Further thoughts on adaptation, ‘experts’ and unintended consequences

A friend recently proposed the idea that we need a bunch of MIT experts to “fix” the planet. ‘Experts’ solving our problems would possibly be much better than what we have now, but, if unquestioned, their solutions WILL have unintended consequences. Engineers, economists, social engineers, and other really smart people caused most of the problems we faced today. Whenever a centralized bureaucracy enforces the will of the few, blinders get put on. People want to think they are right. The heaviest burden of a world ruled by the ‘experts’ will likely fall on the people and ecosystems that the experts are least familiar with; the ones that can least afford those burdens. As far as I know, China is the closest thing to technocracy in the modern world (the Soviets were another pretty reasonable example of technocracy). Here’s a list of their experts’ unintended consequences: three gorges dam, a missing generation of women from the one-child policy. There’s more, but these are pretty major examples.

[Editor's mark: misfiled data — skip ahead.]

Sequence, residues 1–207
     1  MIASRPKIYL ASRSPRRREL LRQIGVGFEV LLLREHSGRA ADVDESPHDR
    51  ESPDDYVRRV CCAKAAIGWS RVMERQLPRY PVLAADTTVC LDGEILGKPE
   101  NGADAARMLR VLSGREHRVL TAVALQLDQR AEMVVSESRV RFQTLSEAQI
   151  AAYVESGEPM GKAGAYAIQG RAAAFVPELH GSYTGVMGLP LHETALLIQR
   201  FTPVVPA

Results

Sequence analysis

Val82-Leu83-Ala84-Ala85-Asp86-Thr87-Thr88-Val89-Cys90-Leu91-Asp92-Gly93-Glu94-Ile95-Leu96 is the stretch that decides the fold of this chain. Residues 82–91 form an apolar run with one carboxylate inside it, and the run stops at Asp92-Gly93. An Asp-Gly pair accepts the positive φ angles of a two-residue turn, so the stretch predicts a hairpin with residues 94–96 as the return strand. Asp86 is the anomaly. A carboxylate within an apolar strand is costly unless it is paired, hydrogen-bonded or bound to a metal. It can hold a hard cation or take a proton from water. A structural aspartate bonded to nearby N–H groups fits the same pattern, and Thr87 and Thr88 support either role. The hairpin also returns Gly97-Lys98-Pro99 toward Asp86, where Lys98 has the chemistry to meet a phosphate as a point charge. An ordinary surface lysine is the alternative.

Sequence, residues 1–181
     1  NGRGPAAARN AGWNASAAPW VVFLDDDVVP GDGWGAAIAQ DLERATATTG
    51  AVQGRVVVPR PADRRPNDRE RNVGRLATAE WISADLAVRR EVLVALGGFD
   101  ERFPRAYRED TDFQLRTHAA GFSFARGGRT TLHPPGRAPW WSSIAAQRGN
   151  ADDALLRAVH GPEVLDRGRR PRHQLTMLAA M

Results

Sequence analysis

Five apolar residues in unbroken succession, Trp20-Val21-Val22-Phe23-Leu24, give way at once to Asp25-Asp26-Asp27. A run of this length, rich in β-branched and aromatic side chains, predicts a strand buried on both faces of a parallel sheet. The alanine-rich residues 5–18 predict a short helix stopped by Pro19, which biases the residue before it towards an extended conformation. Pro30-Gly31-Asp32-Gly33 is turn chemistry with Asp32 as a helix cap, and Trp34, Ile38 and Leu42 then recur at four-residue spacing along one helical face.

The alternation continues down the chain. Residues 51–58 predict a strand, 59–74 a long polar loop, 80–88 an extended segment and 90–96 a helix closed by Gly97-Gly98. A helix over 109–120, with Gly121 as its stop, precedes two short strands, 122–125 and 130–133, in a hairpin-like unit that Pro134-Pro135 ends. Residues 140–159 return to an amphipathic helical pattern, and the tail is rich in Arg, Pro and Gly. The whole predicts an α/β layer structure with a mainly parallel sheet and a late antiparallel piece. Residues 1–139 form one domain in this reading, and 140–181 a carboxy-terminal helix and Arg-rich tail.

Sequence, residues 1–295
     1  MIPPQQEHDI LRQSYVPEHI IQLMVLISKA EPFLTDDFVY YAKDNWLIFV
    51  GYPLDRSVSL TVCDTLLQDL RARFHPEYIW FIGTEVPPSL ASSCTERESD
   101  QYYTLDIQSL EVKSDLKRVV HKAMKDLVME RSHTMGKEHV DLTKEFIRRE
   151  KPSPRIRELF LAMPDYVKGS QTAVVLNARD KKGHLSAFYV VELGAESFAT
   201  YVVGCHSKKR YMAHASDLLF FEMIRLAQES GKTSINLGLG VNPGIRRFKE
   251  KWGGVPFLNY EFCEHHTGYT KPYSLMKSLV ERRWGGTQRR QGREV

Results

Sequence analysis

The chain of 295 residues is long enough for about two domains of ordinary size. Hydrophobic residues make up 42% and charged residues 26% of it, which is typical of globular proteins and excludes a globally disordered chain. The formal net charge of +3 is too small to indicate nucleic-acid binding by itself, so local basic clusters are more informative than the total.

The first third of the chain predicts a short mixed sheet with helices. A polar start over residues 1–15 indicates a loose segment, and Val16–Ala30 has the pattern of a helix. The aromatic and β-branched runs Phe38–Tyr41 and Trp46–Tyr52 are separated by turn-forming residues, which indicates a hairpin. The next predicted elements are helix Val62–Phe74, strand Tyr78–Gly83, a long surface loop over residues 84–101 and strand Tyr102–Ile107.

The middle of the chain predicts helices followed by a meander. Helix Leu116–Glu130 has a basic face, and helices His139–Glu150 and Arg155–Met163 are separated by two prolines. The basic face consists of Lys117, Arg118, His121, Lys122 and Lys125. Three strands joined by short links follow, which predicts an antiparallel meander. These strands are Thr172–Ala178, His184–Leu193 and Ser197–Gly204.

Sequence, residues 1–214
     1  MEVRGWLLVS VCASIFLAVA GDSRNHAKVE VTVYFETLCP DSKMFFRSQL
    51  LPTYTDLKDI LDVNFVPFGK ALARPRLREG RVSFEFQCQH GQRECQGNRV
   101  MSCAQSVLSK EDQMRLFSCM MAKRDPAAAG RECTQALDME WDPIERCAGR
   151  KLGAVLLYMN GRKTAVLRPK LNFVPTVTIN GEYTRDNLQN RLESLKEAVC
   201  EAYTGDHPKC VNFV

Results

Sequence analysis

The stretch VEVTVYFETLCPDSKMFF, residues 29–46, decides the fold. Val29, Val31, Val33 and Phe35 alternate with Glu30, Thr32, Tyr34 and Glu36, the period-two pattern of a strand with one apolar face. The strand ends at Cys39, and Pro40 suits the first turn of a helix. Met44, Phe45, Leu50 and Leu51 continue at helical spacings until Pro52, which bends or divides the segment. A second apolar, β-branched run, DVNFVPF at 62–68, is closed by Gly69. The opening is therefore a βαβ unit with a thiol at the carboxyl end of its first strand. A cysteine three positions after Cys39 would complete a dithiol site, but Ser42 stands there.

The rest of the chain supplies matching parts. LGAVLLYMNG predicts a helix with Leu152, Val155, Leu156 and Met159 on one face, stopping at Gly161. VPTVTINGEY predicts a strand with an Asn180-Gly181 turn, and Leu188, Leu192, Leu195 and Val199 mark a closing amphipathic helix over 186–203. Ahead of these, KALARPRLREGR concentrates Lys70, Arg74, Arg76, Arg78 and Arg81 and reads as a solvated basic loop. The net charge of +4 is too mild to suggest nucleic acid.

I would offer the occupy movement and the general assembly as a potential alternative to this centralized technocrat model. Experts are always valued and should be, but it doesn’t seem like it’s always a good idea to just hand over the power and say “you’re the expert.” Democratic review of experts is the single most important part of peer-reviewed science, but one that is often left out of a technocratic bureaucracy, once consensus is built and injected into centralized power structures, it is no longer deemed valuable to fact-check or monitor for success. In the extremely (and sometimes painful if you’re not used to consensus building) democratic process of a GA, the expert is forced to consider other viewpoints and must convince a group of their expert opinion. In many cases, they may have to consider the problem/system from the perspective of traditionally marginalized voices, eg. those who did not receive their education from the marquee MIT name. This results in a rigorous decision making process that is subject to many forms of oversight, monitoring and revision.

That our education system teaches us facts instead of process is a huge failing in a world that is rapidly changing. The facts change. Adaptation is critical and our current systems are not built for it. Both the State and corporations suppress dissent to maintain the status quo because it’s profitable.


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